⋆⋆⋆ out of four stars

Rating: PG for thematic elements and brief mild language

Theater: Uptown

"A Place at the Table" is a well-reported and devastating look at hunger in rural America. Deftly combining portraits of families lacking food security, expert interviews and infographics, the film by co-directors Kristi Jacobson and Lori Silverbush opens eyes, minds and hearts. Raj Patel, author of "Stuffed and Starved," addresses the paradoxical link between malnutrition and obesity, both signs that poor people can't afford food they need to stay healthy. Experts detail the problem's connection to agricultural policy, what we subsidize (commodity crop ingredients in processed foods) and what we don't (whole grains, fruits and vegetables).

The film also digs deep into the stories of dignified, persevering, often hardworking but underpaid people dependent on charity food banks for their next meal. It evenhandedly addresses America's emotional and ideological tug of war between wishing to help the less fortunate and worrying that someone might be getting a free ride. Throughout, it offers resonant landscape images of a country so fertile it could easily feed its own population abundantly if national priorities favored that outcome.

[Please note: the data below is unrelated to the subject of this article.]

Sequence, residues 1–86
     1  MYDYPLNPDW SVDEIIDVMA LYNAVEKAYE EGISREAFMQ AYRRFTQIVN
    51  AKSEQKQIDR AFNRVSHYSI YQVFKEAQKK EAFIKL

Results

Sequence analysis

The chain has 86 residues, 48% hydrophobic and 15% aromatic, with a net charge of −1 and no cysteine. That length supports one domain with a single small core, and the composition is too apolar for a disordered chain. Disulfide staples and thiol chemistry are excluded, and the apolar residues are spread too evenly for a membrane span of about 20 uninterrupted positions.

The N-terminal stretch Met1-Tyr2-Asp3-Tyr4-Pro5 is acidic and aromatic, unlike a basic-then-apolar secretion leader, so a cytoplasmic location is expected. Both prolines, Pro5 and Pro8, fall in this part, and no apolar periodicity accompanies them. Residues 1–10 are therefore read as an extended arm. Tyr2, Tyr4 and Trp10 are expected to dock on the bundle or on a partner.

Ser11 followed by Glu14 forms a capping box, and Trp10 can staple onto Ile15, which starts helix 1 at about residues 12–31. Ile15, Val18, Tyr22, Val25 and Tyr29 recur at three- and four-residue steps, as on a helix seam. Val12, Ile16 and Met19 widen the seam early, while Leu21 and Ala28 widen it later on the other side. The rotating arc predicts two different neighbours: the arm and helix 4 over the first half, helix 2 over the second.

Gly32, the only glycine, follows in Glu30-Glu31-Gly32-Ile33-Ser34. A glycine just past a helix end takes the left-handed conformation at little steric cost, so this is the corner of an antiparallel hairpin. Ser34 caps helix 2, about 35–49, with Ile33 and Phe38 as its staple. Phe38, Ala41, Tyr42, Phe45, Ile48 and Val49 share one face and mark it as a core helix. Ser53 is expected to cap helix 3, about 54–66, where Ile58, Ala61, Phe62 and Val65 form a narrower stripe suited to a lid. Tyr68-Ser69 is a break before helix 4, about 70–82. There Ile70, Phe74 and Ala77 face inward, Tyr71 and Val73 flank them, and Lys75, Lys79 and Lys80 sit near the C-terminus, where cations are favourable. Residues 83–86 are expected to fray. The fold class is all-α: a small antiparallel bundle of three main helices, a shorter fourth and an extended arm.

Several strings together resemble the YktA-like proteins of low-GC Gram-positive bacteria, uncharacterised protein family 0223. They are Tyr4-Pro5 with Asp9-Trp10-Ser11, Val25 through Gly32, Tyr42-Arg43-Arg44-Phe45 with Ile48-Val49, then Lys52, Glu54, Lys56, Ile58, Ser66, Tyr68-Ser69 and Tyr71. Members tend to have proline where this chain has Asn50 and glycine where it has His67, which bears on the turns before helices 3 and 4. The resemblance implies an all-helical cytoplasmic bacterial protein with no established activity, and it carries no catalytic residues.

21 & over

⋆⋆⋆ out of four stars

Rating: R for crude and sexual content, pervasive language, some graphic nudity, drugs and drinking.

Here is a youth comedy that is leering, offensive, politically incorrect, at times even disgusting, and yet not a bummer. In fact, those who stick with it to the end may find "21 & Over" one of the more appealing movies of the season. Written and directed by "The Hangover" co-writers Jon Lucas and Scott Moore, it's brought off with a crazed, chaotic energy that absolves most of its sins.

To celebrate the 21st birthday of their pal, Jeff Chang (Justin Chon), a workaholic pre-med student, his wild-man pal Miller (Miles Teller) and buttoned-down buddy Casey (Skylar Astin) arrange a pub crawl. Knowing their friend has a crucial internship interview the next morning, they promise to keep it safe and sane. He screws up: He trusts them. The celebration turns into a bender of Australian proportions. Jeff Chang (he is always called by both names) drinks himself psychotic and passes out. Miller and Casey drag the limp birthday boy across the hard-partying college town in a fruitless search for his apartment. En route they run afoul of a hyperaggressive pep squad captain, enrage a Latina girl gang, start a buffalo stampede, throw comatose Jeff Chang off two roofs and commit a hodgepodge of felonies. You root for them nevertheless because the actors are likable, the mayhem is cartoonishly overblown, there's a nice undercurrent of believable friendship and the pace never slackens long enough for your thoughts to turn judgmental. It's a cheerful jolt of Grade-A idiocy.